Understanding the importance of family to your Filipino workforce

23 Aug 2016

Different cultures place different value on the importance of family in driving their behaviour. In regards to Filipino and Western ideals, the difference is substantial. It is important to acknowledge the cultural norms, in both how Westerners deal with family, as well as the Filipino value system. Understanding this properly will shape how you interact with your offshore workforce in a positive manner.

Family at the heart of personal development

It is well established that a person’s values and ideals drive their actions, behaviour and demeanour. An individual’s closest relationships are often formed form birth and then honed over many years of interaction, collaboration and emotional and psychological development. In a Western environment, it can be said that as an individual grows and develop focus is placed heavily on promoting independence and separation from the family unit. This growth and focus on ‘leaving the nest’ is often signified with children maturing, moving out and severing any financial dependence on their parents. On the other hand, this move to independence also means that offspring are not compelled to support or provide any assistance to their family. This may of course change as family members start to age and require assistance, whether it is slight financial support or a move into a facility.

The above is the complete antithesis to how Filipino’s deal with their family unit. It really is a “unit” as throughout the lifecycle, a family stays completely together. Their complete and utter commitment to their family is at a different stratosphere. In order to articulate it in a simple way, it can be said that the Filipinos embrace and encourage a more centralised approach to family conversely as a Western family matures it becomes far more fragmented, with individuals moving out and severing any links of dependence.

Family above all else

More often than not, family will always be the highest priority to Filipinos. Gatherings are large and loud, including up to 30 people all at once! As mentioned earlier, Filipinos deal with the transition to adulthood in a completely different fashion, whereby Western parents raise their offspring to leave the nest as soon as possible (usually 18) as young Filipinos transition into adults and turn 18, they aren’t expected (forced) to move out and live on their own. They are raised and encouraged to continue to contribute and play an active part in a highly centralised family unit. Consequently, the idea of putting elderly parents in a home or with an external care provider is considered an absurd concept and often frowned upon. As a result of this fierce loyalty and dedication exhibited in regards to the family unit, many Filipinos centre their work efforts and professional development as a means to provide for their families, especially those family members who had to migrate from the provinces and settle in Metro Manila or abroad. Despite inconveniences to them many Filipinos are often willing to go the extra mile if it means being able to provide for their families, even marginally.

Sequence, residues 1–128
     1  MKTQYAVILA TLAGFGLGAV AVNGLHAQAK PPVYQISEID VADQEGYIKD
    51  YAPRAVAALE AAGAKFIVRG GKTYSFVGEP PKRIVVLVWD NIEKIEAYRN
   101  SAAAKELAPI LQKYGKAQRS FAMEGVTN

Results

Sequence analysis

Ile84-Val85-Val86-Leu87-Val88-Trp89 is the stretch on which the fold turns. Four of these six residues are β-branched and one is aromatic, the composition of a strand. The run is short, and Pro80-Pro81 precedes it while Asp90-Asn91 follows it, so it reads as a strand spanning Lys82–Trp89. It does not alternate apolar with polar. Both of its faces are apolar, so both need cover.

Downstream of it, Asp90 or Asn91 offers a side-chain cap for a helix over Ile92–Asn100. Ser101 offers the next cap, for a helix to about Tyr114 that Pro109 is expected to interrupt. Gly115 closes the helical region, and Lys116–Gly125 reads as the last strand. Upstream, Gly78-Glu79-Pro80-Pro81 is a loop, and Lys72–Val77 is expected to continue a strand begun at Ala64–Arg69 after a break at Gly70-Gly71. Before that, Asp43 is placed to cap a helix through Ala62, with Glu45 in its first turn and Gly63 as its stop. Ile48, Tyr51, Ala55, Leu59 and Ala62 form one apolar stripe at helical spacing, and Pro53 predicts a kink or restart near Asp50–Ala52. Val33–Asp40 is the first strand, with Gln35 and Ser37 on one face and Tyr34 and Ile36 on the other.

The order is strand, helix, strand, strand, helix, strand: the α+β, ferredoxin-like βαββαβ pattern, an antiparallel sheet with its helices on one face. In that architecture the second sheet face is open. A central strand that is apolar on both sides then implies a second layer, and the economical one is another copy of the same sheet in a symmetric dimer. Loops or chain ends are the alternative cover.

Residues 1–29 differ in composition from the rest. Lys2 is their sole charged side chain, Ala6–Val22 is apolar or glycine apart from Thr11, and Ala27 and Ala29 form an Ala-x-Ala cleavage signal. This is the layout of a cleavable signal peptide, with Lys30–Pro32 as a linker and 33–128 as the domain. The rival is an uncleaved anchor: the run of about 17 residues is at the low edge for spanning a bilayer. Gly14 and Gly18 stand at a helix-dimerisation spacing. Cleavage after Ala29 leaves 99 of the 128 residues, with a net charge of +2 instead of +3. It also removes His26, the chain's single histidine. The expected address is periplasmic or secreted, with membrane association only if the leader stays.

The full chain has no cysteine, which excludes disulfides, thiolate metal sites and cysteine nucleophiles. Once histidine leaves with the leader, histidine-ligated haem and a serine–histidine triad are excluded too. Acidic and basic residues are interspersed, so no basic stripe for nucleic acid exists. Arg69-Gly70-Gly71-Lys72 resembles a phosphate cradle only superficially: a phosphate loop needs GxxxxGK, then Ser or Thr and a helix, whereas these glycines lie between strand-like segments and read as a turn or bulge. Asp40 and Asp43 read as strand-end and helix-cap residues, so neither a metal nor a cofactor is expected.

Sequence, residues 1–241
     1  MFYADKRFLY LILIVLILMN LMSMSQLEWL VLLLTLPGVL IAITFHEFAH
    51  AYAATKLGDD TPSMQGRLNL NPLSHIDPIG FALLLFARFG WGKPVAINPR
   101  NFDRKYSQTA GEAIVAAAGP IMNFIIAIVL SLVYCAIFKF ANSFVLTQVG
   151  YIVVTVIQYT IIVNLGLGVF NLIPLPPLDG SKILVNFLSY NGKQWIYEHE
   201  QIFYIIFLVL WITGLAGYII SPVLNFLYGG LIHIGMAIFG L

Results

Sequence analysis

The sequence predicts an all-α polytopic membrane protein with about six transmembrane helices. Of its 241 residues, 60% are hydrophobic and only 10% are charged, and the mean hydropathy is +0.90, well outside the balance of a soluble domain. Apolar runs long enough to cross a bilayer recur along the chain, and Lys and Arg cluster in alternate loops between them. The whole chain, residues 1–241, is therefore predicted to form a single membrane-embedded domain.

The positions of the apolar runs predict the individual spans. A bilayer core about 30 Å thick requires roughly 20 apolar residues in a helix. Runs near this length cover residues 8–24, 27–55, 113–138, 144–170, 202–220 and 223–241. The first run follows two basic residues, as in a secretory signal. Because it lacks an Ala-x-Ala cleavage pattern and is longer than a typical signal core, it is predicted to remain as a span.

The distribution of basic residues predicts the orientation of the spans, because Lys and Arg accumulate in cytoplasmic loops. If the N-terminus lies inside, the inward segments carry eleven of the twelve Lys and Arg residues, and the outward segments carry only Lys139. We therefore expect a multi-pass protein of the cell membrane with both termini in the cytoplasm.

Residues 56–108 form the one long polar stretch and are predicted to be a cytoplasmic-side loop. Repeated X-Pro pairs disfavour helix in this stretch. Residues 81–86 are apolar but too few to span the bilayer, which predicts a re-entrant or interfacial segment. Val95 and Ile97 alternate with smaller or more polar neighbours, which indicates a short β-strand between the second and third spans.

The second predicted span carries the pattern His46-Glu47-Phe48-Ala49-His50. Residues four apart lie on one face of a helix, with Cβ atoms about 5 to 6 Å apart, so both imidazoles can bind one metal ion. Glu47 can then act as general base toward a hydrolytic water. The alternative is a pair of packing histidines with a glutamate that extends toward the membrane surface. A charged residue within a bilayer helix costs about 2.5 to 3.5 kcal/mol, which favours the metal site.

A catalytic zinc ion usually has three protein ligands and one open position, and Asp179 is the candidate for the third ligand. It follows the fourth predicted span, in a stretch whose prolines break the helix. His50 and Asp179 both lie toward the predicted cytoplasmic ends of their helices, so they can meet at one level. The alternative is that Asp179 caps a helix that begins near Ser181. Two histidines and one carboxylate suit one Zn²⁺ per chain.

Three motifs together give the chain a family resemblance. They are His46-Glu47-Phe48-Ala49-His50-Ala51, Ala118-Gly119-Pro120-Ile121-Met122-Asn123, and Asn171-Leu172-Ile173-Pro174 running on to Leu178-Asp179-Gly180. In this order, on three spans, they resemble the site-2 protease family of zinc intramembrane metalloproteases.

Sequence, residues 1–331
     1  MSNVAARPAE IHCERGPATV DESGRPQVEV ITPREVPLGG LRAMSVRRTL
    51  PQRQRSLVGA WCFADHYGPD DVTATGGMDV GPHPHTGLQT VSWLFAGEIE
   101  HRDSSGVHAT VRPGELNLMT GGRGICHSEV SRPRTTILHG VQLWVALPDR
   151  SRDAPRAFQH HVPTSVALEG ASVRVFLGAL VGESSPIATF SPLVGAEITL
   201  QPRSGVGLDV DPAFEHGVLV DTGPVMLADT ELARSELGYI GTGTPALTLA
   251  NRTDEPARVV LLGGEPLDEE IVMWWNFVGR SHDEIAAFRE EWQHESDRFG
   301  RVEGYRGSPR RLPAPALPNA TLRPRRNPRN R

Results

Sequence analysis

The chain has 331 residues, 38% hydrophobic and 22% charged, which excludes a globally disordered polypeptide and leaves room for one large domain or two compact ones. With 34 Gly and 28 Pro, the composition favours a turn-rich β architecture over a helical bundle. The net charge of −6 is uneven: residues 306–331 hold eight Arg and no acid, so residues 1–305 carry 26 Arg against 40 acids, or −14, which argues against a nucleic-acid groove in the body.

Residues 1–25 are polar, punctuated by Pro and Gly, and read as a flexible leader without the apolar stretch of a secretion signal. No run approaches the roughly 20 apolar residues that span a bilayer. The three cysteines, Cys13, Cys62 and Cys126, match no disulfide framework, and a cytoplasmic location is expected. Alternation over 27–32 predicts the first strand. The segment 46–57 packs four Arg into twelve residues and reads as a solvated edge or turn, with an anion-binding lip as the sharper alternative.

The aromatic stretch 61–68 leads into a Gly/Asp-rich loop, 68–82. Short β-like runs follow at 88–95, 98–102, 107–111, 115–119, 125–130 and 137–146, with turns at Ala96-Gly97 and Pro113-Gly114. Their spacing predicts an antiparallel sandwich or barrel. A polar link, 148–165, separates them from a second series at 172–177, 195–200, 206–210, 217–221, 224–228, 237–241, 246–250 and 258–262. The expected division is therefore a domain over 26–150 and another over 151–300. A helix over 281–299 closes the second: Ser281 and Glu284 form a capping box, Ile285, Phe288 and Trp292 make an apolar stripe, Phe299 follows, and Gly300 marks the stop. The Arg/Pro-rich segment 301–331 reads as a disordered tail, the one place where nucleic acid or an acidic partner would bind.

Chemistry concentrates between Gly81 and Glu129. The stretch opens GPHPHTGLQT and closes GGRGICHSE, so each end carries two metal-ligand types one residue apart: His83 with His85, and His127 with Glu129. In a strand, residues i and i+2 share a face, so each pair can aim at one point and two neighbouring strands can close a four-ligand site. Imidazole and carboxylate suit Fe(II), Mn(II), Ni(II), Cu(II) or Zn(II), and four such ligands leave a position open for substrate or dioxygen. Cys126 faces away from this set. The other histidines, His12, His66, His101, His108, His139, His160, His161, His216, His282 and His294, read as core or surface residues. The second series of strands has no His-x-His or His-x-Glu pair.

Treating everyone like family. Literally

The importance of family is also very prevalent in the everyday language used by Filipinos; this is usually to the point that it’s almost unnoticeable for them. While we would normally use “sir” and “madam” to refer to people we don’t know informally, Filipinos occasionally use “kuya” and “ate” – meaning “older brother” and “older sister” in Filipino – to address them. These can be, but not limited to, their taxi driver, their local barista or even a stranger on the street they want to get the attention of. When amongst people they know personally, Filipinos use “tito” and “tita” when addressing the parents of their friends, and this translates to “uncle” and “aunt.” It may seem unusual for foreigners to hear them refer to people outside of their family as one of their own, but this is second nature to all Filipinos and shows just how deeply rooted familial bonds are in their culture.

Staff should feel like they belong to an extended family

By understanding the importance of family to your Filipino workforce, you will begin to understand an critical facet of Filipino culture and how to properly approach it when it comes to engaging with your staff based in the Philippines. Too often do we hear stories of great employees leaving their companies because of other staff being inconsiderate or unaware of particular cultural differences. When people feel like they don’t belong or are in a closed, unwelcoming and hostile environment, they are more likely to quit rather than stay on for as long as they can. For those that do choose to stick it out, doing so would take a toll on their well-being and can lead more damaging effects.

We’ve discussed how a culture of engagement and belonging in your workplace can help keep staff motivated and driven and in the Filipino context, this can be done by creating an office culture that feels like their second home. By creating an atmosphere that feels like they belong and allowing for proper balance with work-life integration, you will have staff that will stay continuously productive, work to the best of their abilities and remain loyal to you, just like they would with their real families.